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    Locally grown food is only as good as the farmer who chooses not to poison you

    Summer scene, Illinois

    Creative Commons License photo credit: James Jordan

    by Vic Shayne, PhD

    There’s a huge movement now to buy locally. This seems to make good sense, especially if you care about the environment, which you should if you like to breathe.

    If you buy your produce from locally grown farmers, you’ll save the environment from extra fuel consumption, highway usage, trucking pollution and all sorts of other costs involving transportation, refrigeration, spoilage,etc. Another advantage is that of economics. Buying from smaller farmers gives the little guy a chance to succeed against Big Agra, one of the biggest evils of our time.

    Marketing matters

    A few years back, Ohio State University researchers reported: “.. the average supermarket shopper is willing to pay a premium price for locally produced foods, providing some farmers an attractive option to enter a niche market that could boost their revenues. [S]hoppers at farm markets are willing to pay almost twice as much extra as retail grocery shoppers for the same locally produced foods. Both kinds of shoppers…will pay more for guaranteed fresh produce and tend to favor buying food produced by small farms over what they perceive as corporate operations, according to the study.”

    The study to which the researchers are referring was published in the May 2008 edition of  American Journal of Agricultural Economics.

    Sounds Great. So what could be bad about the locally grown idea?
    Locally grown seems to imply something about food quality. Think again.

    Growing numbers of people are starting to wake up to the fact that most foods are poisoned. They contain alarming amounts of pesticides, steroids, antibiotics, herbicides, chlorine, fluoride and artificial ingredients from sweeteners to preservatives.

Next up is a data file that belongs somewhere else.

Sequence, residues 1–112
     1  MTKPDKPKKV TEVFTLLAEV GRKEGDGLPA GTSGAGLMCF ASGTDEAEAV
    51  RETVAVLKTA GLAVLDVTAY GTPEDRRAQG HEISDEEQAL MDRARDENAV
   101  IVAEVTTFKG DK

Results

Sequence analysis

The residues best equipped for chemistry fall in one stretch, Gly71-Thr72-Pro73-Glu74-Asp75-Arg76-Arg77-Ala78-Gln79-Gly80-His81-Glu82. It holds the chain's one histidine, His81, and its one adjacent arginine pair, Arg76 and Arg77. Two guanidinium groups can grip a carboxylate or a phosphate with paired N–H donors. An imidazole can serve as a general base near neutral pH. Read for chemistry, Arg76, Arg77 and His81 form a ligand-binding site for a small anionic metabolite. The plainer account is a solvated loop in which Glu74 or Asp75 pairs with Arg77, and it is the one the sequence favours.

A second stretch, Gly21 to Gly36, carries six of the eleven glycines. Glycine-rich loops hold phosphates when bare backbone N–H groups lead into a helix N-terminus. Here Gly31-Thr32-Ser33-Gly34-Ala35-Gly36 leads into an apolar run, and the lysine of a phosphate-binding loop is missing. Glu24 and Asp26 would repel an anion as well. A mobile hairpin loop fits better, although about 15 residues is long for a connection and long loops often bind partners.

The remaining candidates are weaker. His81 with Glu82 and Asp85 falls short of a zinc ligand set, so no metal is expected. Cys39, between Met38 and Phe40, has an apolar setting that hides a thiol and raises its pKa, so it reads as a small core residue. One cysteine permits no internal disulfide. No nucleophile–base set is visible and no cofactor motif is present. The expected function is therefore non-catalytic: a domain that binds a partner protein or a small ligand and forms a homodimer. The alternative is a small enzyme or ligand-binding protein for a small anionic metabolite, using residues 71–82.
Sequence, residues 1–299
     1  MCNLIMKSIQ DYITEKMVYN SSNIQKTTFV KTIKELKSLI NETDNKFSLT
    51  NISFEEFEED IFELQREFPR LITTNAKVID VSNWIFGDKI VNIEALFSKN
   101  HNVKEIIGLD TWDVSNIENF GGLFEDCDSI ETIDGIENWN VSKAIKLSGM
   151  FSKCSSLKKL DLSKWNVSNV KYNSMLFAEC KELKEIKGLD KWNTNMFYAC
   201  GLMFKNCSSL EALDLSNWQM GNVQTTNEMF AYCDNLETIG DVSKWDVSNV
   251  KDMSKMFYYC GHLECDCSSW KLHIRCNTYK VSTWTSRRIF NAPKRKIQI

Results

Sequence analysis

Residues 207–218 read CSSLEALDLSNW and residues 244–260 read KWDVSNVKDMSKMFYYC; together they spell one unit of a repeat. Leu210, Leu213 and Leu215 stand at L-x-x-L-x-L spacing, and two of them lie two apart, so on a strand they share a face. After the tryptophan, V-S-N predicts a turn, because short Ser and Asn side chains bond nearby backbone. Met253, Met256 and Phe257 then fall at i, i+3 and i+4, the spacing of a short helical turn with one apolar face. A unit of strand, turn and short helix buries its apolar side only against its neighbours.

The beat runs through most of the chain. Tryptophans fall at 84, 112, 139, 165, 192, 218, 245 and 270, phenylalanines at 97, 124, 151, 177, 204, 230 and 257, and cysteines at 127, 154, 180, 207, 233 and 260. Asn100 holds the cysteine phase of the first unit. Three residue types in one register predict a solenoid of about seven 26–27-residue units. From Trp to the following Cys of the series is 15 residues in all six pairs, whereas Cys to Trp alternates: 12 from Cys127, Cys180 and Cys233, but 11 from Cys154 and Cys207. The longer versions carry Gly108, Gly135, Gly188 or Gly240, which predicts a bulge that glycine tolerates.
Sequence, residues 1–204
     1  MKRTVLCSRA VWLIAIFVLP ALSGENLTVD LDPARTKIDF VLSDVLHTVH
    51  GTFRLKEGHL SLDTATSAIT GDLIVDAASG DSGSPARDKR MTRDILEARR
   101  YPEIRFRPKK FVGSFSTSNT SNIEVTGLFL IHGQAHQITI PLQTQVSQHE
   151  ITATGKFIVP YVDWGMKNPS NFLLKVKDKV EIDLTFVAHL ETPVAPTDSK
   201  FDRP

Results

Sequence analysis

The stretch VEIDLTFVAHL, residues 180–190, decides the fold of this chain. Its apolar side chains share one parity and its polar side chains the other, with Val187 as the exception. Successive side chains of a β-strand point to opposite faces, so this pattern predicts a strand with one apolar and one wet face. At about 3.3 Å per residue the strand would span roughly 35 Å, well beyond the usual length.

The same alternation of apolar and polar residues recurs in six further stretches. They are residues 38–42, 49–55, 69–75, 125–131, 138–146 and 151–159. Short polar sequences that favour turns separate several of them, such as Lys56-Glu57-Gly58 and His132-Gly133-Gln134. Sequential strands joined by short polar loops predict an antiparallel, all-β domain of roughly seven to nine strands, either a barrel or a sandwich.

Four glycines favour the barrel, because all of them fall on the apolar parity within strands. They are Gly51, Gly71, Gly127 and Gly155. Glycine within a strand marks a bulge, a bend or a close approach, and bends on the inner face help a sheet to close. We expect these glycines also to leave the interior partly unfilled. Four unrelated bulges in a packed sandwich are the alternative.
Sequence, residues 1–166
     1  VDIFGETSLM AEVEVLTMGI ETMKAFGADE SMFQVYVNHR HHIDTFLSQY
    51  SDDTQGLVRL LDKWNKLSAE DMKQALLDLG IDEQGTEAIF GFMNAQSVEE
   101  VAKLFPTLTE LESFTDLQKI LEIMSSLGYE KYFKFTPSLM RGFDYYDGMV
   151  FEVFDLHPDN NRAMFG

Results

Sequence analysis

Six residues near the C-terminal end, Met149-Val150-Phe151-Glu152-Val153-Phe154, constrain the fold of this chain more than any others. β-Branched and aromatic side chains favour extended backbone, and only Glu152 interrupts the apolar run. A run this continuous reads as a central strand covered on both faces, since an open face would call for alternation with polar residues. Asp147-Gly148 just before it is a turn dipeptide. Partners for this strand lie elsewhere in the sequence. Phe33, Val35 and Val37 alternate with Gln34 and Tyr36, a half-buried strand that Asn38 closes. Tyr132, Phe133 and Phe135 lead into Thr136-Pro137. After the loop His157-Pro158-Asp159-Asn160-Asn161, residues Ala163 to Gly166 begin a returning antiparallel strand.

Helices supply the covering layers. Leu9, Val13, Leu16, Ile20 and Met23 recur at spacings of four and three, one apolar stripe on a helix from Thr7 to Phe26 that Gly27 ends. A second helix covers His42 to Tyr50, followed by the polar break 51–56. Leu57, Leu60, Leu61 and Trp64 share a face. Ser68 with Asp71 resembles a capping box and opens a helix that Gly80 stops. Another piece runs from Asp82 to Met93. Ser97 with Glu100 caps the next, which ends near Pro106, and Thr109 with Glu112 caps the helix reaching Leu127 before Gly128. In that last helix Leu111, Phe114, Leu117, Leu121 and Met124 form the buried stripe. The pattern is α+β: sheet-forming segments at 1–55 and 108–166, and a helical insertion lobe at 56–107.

More and more people want cleaner sources of food, without these poisons.

    The problem is that the term “locally grown” is being used interchangeably with the idea of healthfulness. But they aren’t necessarily. Buyer beware.

    Are we just trading one evil for another?

    While growing locally can lessen the impact of fuel usage and offer fresher food, what about local air, land and water quality? Locally grown produce that is drenched with toxic pesticides and herbicides affects the local groundwater, air quality and soil health.

    Would you spray your backyard tomatoes with Raid?
    You can’t get more “local” than your own backyard, right? But there’s nothing stopping you from going into your little garden with a can of Raid, Black Flagg, Roundup or other poisonous substance and spraying the hell out of your fruits and vegetables. By definition they would still be “local.”

    Similarly, any local farmer can bombard his yield with poisons. This is more the norm than the exception, unless your local farmer also happens to have a conscience about what he’s doing to our planet and to the people who eat what he has to offer.

    Thus, locally grown food should NEVER be compared with organic, clean, biodynamic and/or wildcrafted food. That is, unless the locally grown produce is toxin-free.

    We have to compare apples with apples. Locally grown is only as good as the farmer who chooses not to poison you.

    IMPORTANT NOTICE: Statements are made based on independent food science research and have not been evaluated by the FDA. Information contained herein are for educational purposes only and are not to be used for or in place of proper medical diagnosis and care under a qualified physician. Always check with your physician before using any product for contraindications and proper use.

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